This Upcycled BMW R80 bobber is a real-life Tonka toy

BMW R80 bobber by Upcycle Garage
If the thought of Firestone tires on a custom motorcycle makes your blood boil, avert your eyes now. Johnny Nguyen hasn’t just fitted his 1978 BMW R80 bobber with Firestones—he’s gone the whole hog, and fitted military-spec Firestone tractor tires. It’s turned the R80 into a real-life two-wheeled Tonka toy, and although it’s nowhere near practical, it sure makes us smile.

Johnny runs Upcycle Motor Garage, which recently relocated from California to Austin, Texas. Most of Upcycle’s builds have been café racers—but Johnny was inspired to take this project in a radically different direction.

“One of my first ‘idol’ bikes was a white airhead bobber, built by Mark Van Der Kwaak, that was featured on Bike EXIF,” he explains. “I kept a photo of it as my wallpaper on my laptop for years. This build was my take on the proportions of the wide airhead engine, paired with the long frame of a hard-tailed bobber.”

The concept called for a rigid frame, a springer front end, and the chunkiest tires possible. Johnny started with the 16” Firestone tractor tires and used them to set the tone for the rest of the build.

The only thing left of the original BMW R80 frame is the neck and parts of the down tubes; everything else was fabricated from scratch. This allowed the engine to be repositioned too, so that the engine sump now sits flush with the bottom frame rails.

The front tire is mounted on a dished 16” Harley-Davidson wheel, which is straddled by a TC Bros. springer front end and brake setup. The rear rim is from Excel, re-spoked by the team at Buchanan’s Spoke and Rim. Believe it or not, the new rear rim and tire are much wider than the factory items, so the rear wheel had to be offset to clear the driveshaft.

Borrowing an idea from his friends at Sosa Metalworks, Johnny ran the rear brake rod through the rear frame triangle. Up front, custom split handlebars are bolted directly to the billet aluminum top yoke, sporting Kustom Tech levers and ODI Vans x Cult grips. A triangular headlight lights the way, mounted upside-down on a custom bracket.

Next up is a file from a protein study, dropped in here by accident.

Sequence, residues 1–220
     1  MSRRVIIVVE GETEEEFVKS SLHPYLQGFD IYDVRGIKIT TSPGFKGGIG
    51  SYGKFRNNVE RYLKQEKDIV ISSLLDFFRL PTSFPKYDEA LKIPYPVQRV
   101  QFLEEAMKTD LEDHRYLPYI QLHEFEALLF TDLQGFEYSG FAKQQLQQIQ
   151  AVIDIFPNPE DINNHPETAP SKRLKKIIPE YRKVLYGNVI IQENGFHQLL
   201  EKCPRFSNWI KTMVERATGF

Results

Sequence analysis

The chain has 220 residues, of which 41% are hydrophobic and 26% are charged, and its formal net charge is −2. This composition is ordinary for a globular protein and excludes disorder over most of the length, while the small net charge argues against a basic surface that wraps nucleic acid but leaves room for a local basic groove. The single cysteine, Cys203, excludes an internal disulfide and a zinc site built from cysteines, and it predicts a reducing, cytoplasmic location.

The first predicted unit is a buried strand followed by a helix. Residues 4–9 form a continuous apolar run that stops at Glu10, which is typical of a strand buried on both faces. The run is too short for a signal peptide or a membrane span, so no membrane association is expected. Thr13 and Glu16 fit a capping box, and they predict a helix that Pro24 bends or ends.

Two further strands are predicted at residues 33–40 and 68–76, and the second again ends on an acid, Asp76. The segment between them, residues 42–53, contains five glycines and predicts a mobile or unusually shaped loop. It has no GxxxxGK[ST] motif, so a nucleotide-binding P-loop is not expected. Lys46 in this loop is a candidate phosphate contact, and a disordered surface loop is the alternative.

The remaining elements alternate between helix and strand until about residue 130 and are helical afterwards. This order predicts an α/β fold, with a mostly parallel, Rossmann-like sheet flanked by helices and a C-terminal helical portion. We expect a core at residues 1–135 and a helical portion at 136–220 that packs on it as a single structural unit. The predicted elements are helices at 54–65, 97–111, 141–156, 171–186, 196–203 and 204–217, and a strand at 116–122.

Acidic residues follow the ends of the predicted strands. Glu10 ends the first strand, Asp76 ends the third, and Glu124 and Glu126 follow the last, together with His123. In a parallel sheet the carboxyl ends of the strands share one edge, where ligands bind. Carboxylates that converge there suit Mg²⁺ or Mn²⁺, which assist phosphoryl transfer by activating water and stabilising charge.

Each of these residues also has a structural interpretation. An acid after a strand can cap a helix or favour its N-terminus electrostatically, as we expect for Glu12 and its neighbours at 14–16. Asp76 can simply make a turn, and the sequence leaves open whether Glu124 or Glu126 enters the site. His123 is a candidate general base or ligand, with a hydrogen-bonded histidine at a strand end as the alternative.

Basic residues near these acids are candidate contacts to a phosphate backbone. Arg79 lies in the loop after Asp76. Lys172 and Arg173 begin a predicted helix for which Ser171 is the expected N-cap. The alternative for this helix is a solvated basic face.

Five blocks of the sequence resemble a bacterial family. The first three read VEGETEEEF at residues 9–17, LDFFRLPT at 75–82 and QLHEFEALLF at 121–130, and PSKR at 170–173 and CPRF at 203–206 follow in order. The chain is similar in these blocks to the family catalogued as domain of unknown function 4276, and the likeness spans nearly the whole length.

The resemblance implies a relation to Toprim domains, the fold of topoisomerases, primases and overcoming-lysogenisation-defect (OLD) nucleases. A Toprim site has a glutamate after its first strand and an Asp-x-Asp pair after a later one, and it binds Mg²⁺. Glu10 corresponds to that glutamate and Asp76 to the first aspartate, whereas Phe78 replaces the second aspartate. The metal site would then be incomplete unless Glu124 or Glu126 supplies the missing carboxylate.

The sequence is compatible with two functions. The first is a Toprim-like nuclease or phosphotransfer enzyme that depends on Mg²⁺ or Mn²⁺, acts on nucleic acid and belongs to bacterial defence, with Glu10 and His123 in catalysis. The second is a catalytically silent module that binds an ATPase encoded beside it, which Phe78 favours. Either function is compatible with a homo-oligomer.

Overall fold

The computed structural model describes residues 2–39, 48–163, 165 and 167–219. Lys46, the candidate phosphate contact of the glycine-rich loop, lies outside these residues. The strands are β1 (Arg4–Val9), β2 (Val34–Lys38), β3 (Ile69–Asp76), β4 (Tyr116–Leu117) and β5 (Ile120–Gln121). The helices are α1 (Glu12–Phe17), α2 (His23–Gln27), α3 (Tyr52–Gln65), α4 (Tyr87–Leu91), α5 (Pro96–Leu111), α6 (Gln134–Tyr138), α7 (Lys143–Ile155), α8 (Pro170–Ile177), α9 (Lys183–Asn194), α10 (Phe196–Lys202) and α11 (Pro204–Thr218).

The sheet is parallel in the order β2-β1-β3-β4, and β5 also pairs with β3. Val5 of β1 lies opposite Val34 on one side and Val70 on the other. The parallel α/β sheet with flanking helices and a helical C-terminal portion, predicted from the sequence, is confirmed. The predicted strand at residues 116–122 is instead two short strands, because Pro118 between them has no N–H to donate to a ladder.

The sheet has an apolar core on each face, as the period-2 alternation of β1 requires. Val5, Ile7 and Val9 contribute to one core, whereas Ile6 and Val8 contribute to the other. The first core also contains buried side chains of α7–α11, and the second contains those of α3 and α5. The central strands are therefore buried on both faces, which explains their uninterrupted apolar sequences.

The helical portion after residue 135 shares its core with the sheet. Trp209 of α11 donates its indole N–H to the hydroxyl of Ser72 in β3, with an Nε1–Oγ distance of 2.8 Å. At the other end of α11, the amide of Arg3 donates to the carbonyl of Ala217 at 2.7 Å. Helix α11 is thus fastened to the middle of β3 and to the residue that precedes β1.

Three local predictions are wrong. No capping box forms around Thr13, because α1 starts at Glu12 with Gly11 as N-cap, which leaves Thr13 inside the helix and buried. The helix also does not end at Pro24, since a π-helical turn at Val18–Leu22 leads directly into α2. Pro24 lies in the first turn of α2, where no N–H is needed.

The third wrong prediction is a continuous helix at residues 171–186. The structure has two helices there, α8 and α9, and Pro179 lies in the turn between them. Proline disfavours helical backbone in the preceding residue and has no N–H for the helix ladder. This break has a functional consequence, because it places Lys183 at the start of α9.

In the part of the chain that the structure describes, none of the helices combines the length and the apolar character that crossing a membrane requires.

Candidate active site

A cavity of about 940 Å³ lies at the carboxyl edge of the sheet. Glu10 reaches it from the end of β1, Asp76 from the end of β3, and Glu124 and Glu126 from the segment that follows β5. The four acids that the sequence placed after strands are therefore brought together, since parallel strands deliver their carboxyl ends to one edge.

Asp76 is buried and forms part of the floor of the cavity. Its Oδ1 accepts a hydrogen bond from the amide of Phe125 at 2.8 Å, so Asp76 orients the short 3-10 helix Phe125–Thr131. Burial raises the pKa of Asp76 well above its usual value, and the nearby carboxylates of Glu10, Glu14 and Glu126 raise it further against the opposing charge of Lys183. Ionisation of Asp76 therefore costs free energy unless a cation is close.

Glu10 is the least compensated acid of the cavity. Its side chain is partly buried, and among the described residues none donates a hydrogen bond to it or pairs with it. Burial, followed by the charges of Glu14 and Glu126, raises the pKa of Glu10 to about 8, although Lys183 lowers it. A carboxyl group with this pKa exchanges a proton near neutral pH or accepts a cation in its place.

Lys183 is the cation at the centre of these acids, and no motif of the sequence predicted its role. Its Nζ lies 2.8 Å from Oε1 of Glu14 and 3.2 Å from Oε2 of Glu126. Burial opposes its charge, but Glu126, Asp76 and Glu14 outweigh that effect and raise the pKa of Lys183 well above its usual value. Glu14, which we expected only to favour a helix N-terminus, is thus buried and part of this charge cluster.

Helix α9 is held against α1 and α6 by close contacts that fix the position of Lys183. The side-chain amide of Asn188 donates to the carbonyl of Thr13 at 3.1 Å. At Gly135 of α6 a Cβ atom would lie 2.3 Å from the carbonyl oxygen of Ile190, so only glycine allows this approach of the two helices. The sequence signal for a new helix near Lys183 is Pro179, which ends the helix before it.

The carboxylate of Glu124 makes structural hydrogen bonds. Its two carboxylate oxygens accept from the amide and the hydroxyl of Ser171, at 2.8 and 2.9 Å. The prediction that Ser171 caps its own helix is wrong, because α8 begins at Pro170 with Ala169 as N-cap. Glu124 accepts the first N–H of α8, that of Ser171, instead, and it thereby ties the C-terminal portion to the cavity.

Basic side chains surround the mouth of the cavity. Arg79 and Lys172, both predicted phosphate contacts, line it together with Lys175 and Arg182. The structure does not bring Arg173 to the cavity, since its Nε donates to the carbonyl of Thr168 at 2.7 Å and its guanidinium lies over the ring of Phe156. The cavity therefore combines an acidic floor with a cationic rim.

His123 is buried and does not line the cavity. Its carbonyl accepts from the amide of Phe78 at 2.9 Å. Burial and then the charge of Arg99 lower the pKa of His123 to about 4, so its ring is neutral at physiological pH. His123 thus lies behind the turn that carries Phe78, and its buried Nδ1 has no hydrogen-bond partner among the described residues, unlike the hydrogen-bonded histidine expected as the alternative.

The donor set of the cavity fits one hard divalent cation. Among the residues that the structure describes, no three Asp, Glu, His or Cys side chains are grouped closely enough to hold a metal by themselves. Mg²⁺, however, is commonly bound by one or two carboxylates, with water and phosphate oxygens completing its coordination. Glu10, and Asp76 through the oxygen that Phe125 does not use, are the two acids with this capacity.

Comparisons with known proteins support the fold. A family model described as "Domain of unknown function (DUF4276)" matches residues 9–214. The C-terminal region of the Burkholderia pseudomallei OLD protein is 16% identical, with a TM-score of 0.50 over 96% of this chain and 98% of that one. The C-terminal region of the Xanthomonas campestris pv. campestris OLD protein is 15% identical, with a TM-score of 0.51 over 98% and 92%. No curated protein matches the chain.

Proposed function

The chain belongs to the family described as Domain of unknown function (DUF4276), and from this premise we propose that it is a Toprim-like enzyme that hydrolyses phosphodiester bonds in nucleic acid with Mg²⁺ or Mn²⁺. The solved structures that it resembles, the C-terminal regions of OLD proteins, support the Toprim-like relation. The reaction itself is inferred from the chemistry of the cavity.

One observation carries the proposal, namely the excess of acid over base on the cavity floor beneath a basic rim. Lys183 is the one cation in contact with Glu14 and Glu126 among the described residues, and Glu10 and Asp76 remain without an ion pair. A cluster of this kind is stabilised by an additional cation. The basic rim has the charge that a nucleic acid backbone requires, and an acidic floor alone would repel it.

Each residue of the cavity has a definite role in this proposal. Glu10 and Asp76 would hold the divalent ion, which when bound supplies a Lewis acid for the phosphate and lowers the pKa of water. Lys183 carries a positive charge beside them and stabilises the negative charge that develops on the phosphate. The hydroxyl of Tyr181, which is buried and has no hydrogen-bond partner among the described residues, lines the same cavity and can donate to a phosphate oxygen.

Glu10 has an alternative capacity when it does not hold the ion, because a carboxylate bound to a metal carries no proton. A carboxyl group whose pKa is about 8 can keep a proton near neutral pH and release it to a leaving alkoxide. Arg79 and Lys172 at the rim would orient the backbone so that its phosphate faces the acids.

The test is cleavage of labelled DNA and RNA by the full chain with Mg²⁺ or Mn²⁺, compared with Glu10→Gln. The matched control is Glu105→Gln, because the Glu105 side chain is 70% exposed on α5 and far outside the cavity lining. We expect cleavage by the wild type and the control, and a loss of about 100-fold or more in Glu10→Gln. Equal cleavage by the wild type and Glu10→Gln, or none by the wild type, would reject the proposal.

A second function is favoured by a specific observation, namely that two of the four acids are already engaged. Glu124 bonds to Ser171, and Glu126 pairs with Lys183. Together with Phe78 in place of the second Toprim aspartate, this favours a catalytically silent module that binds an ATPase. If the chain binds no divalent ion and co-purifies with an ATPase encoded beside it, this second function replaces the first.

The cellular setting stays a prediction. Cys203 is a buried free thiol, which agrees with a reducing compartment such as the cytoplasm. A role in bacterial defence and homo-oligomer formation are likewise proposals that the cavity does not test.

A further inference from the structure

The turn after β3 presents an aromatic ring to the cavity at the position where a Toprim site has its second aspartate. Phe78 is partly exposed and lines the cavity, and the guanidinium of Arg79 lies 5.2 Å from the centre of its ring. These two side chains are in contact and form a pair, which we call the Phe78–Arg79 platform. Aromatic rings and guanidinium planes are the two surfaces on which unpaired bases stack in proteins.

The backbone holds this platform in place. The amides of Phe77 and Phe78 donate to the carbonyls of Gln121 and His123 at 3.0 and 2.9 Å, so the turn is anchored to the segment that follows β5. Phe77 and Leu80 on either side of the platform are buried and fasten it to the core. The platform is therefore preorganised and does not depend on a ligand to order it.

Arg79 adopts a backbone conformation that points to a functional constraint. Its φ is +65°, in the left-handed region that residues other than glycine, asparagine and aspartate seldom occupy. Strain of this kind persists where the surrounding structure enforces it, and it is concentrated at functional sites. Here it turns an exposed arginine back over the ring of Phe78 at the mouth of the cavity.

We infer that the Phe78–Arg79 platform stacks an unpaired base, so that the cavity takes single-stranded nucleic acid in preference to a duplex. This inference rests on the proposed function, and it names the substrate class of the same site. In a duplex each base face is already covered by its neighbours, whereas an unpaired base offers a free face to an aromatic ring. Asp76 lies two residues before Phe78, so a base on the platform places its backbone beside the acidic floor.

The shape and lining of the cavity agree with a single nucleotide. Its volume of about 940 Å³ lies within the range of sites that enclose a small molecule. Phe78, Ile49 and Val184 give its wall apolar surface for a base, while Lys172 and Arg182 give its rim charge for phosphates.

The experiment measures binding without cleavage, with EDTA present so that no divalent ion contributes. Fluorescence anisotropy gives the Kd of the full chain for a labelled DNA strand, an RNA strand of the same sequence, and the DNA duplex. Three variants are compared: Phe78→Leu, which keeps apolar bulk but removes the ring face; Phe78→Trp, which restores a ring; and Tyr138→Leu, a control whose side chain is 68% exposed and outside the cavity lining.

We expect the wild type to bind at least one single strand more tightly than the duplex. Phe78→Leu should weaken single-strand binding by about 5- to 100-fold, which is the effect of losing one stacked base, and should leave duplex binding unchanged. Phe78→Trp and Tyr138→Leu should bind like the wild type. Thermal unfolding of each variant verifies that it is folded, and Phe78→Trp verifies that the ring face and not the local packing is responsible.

A 1.25 gal fuel tank sits on the new frame backbone by way of custom mounts. Johnny says that fuel stops occur often, but this bobber sure looks good with a tank barely as wide as its airbox. Just in front of the tank is a tiny Motogadget speedo, wedged vertically into the headstock.

The 797.5 cc air-cooled lump sits proudly inside the custom frame with a handmade two-into-one exhaust and a Werkes USA muffler. Johnny rewired the bike around a Motogadget control unit and relocated the horn, regulator, and coils into the engine cover. An Antigravity Lithium-ion battery and the ignition switch are housed in an aluminum box, hidden behind the transmission.

Like the bike that inspired it, this BMW R80 bobber wears a saddle-style seat for one. Tires this big are sure to help slightly with cushioning—but at the end of the day this is a hardtail, so the seat is mounted on a small shock absorber. The bike’s custom taillight uses a small bulb (found at Home Depot) that’s been retrofitted with high-powered LEDs.

Johnny made the BMW’s myriad brass bushings and fittings on his small workshop lathe, then turned his attention to the color scheme. “The paint was sprayed in-house with a few different shades of green,” he says. “I’m a big Harry Potter fan, so I call it my Slytherin bike.”

BMW R80 bobber by Upcycle Garage
The finished product has a long, low, and agricultural look that we adore, with hand-finished details aplenty. While we think Draco Malfoy would be far too scared to ride this, we’d give it a go—preferably in the dirt.

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BMW R80 bobber by Upcycle Garage